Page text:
Back in September of '09 I published a page on this site called Backup Your Files to the Cloud for Free. In that page I described a number of ways that you could do just that using Web storage applications like Windows Live Skydrive,, Syncplicity, Google Docs, Google's Picasa and some others. At the bottom of that page I wrote a short piece about Gladinet Cloud Desktop. Gladinet is an increasingly popular, free, stand-alone application that you can download from Cnet, or a number of other places that gathers all of your files and folders scattered throughout the Cloud and places them on your PC's Desktop. It's a truly amazing piece of software.

Gladinet Cloud Desktop

Gladinet creates a virtual drive (Z) on your hard drive on which you can mount all of the cloud applications where you have files stored. You have total access to those files inside Gladinet's interface right on your Desktop. Well, now Microsoft has done something similar in regard to Skydrive, their on-line storage application. Microsoft has very recently created Skydrive Explorer. While Gladinet allows you to access all of your online files no matter where they reside in the Cloud, Skydrive Explorer (as its name would imply) only gives you access to the files you have stored on Windows Live Skydrive.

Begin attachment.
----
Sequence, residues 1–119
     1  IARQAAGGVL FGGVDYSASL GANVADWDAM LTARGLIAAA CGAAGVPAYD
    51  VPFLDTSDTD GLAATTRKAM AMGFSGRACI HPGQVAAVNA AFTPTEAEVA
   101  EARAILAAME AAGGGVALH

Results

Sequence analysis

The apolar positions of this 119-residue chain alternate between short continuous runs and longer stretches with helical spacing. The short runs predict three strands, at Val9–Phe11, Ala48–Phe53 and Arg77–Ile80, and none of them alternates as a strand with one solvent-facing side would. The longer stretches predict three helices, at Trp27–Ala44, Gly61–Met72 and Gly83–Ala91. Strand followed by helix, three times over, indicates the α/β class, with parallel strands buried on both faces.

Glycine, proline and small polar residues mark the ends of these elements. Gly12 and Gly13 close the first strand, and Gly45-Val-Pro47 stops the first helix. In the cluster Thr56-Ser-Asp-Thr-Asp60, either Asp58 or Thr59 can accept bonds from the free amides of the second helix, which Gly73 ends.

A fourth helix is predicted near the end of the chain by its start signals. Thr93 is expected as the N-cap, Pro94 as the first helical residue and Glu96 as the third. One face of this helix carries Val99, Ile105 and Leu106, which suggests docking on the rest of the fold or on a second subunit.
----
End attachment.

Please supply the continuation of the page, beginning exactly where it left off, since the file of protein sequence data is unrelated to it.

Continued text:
Gladinet, Skydrive, Cloud Computing

Gladinet Cloud Desktop

Skydrive Explorer is not nearly as powerful of a Desktop/Cloud interfacing application as Gladinet. One glaring inadequacy with Skydrive Explorer is its inability to open files. Using Gladinet, you cannot only open and view your files, you can actually edit them right there in the Gladinet interface. Gladinet can open any file residing on any Cloud platform. Gladinet will open MP3 files and play them in Windows Media Player. It will open text files in whatever Windows format they were created. It will open jpegs, gif, png and other graphic files in Windows Photo Gallery. It will open video files in WMP.